By J. Dean Spence
Made between two people or parties, often with blood sacrifices or sacred meals, covenants were common in antiquity. The Hebrew Bible relates many stories of covenants between God and Israel. In fact, in The Complete Bible Handbook, John Bowker writes, “So important is the idea of covenant in the Bible that the two parts of the Christian Bible came to be called…the Old and the New Testament (testamentum being a Latin word for covenant).”
Jason B. Ohler in Digital Storytelling in the Classroom tells us that a covenant exists between storytellers and their audiences:
“Storytelling is an ancient social dynamic that is built on an unspoken covenant of trust between tellers and listeners. Tellers trust that they will receive the attention of the listeners and not be distracted during their delivery. In return, listeners trust that the speaker will honour their time and attention by telling a story that is interesting and engaging and that creates and resolves a state of expectation. In addition, tellers trust that they will be granted a good deal of latitude in telling their stories. They don’t like to be questioned during the story delivery or told to hurry along. On the other hand, listeners trust that the speaker’s story will follow a path that makes sense. If it is too unbelievable, or wanders too much, either skepticism or impatience will kill the story.”
Here is a list of other features of the storytelling covenant, according to Ohler:
- Listeners are not disappointed by what happens next in the story
- Listeners feel that what happens in the story makes sense but is not predictable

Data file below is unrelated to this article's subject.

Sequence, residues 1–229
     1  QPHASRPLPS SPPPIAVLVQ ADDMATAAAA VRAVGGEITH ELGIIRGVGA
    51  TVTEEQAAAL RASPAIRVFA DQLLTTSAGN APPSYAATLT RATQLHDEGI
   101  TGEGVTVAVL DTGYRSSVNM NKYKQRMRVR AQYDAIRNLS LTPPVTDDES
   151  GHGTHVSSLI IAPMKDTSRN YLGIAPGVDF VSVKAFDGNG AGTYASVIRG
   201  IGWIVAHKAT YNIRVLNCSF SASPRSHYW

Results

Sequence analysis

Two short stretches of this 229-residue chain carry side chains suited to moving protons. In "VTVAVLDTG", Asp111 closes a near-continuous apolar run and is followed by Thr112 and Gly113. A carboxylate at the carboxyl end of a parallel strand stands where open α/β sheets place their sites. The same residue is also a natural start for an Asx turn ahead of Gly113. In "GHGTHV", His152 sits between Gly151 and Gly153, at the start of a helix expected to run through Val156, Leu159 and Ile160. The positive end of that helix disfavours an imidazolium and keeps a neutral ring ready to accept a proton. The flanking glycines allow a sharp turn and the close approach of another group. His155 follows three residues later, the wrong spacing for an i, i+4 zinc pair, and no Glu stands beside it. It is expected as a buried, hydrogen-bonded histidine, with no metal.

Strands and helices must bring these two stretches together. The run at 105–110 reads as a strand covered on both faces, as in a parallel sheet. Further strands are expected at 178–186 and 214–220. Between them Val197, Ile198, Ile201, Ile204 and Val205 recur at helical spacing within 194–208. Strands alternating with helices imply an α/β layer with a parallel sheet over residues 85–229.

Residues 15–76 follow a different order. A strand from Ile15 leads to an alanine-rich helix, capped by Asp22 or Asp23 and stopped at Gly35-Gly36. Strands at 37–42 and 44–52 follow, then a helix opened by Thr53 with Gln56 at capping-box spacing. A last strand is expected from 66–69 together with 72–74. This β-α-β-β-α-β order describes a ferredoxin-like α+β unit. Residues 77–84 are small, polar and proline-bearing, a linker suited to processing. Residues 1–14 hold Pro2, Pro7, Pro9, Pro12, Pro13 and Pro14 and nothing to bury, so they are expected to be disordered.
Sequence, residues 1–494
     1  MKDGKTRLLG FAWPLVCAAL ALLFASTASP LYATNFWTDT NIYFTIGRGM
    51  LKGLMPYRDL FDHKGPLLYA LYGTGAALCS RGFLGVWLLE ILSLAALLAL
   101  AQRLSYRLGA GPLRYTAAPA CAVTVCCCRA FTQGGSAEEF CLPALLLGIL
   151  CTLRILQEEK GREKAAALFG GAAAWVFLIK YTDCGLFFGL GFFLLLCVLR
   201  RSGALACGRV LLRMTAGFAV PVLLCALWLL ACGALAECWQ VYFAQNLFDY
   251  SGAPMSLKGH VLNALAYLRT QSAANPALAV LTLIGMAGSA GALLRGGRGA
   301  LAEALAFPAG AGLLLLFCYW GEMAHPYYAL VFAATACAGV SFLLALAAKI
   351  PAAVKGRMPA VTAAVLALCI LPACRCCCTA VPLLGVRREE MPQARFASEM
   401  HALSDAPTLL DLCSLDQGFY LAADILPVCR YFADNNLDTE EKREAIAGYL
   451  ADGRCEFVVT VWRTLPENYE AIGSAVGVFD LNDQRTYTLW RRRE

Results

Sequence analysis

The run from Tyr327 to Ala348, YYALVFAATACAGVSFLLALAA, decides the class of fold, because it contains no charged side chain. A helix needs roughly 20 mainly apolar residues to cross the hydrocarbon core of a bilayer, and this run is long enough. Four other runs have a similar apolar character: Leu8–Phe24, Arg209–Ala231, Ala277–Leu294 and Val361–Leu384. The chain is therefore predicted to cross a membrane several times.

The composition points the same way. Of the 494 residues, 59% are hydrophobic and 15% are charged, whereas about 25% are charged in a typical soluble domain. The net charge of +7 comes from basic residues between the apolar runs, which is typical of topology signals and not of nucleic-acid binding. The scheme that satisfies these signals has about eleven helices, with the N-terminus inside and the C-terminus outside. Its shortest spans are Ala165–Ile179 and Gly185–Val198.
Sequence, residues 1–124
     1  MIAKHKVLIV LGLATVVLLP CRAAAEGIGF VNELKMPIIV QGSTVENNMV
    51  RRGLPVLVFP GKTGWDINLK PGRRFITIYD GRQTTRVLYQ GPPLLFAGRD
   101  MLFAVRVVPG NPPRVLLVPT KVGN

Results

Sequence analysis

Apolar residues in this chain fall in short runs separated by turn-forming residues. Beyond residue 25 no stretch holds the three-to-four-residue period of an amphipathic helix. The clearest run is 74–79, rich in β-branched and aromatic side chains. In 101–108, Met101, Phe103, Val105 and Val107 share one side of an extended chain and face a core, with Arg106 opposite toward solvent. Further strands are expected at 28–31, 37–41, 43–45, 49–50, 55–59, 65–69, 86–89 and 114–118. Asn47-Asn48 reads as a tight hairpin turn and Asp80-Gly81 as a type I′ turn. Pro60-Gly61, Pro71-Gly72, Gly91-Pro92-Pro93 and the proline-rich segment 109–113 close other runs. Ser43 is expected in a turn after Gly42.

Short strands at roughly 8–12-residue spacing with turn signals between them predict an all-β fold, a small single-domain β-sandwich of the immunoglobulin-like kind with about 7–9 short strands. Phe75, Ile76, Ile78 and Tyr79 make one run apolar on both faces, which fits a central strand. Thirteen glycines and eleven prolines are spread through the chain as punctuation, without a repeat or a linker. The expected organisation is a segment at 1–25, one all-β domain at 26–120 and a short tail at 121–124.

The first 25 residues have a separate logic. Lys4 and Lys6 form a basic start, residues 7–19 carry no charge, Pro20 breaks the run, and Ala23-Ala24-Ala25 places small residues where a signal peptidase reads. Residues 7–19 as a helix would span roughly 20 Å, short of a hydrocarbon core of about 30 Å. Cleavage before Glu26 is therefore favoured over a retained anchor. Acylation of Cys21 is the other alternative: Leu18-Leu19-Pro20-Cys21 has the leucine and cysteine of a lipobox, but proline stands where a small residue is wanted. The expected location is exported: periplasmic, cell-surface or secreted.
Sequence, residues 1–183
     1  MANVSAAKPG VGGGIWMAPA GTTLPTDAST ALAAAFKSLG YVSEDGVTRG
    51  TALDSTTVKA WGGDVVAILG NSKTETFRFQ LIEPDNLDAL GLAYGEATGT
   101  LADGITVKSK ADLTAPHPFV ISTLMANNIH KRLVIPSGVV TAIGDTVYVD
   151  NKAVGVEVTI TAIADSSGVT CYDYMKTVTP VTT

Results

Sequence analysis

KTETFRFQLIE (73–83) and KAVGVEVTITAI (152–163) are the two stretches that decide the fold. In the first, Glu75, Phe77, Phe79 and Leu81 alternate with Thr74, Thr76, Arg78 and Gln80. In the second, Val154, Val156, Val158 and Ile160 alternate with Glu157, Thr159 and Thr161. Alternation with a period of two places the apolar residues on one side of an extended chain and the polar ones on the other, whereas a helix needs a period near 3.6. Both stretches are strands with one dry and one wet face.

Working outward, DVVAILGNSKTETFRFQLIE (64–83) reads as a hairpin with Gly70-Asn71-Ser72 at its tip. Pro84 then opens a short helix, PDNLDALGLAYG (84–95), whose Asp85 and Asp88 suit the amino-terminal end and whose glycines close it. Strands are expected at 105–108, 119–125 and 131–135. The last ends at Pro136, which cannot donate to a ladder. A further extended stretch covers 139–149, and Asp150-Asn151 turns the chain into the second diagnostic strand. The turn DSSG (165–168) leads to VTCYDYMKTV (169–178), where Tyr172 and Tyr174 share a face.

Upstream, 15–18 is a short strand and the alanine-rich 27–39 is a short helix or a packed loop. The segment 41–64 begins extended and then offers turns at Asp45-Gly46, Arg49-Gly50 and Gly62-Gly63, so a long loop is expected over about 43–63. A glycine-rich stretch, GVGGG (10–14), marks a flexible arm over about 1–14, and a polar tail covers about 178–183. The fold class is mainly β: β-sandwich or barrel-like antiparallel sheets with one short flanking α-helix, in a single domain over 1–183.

- Tellers stay on topic and don’t add irrelevant detail
- Tellers feel they have the audience’s complete attention from beginning to end of story, without interruption
- The story wasn’t too long, and the payoff at the end was in proportion to the listeners’ investment of time, trust, and attention
Perhaps we can call the storytelling covenant “covenant-like” because what Ohler is talking about seems a shadowy reflection of, for example, the Mosaic Covenant between God and the Israelites: a covenant that is everlasting, a covenant that lights up the path to Israel’s destiny as holy people, a covenant like an exclusive marriage with dire warnings about the cost of infidelity.
The storytelling covenant is one without a Mosaic archetypal figure to mediate it: the storyteller speaks/writes and the audience listens/reads.
We can further adapt Ohler’s understanding of the storytelling covenant for the stories that strategic communicators tell. Such stories and their concomitant covenants will have as many iterations as there are communication functions. For instance, the covenant between a communicator in investor relations will differ from the covenant between a corporate communication storyteller and his or her audience…
Initially, (I will return to this topic in future blogs) we can say that the storytelling covenant between a strategic communicator and his or her audience involves everything Ohler outlined as well as a promise to provide value-added content about his or her company or client’s products and/or services, and to provide a clear call to action. And the audience’s responsibility is to decide whether or not to answer that call to action by downloading a PDF, registering for an event or program, entering a contest, making a purchase…
ACT ONE, SCENE ONE
[Scene: Yesterday, today and tomorrow near the watercooler of XYZ Inc. in the city of Anywhere]
AUDIENCE: (inquisitively) Tell me a story that will convince me to by Product X.
STRATEGIC COMMUNICATOR: (enthusiastically) An accountant, a CEO and a CFO walk into a bar. The CEO is holding Product X and says to the other two…